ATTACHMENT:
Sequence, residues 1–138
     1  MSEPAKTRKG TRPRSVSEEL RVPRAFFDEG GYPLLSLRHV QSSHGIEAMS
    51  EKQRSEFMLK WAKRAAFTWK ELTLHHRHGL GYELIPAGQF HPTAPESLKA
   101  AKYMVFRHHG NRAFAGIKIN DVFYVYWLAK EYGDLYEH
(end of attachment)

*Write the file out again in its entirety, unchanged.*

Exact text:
Sequence, residues 1–138
     1  MSEPAKTRKG TRPRSVSEEL RVPRAFFDEG GYPLLSLRHV QSSHGIEAMS
    51  EKQRSEFMLK WAKRAAFTWK ELTLHHRHGL GYELIPAGQF HPTAPESLKA
   101  AKYMVFRHHG NRAFAGIKIN DVFYVYWLAK EYGDLYEH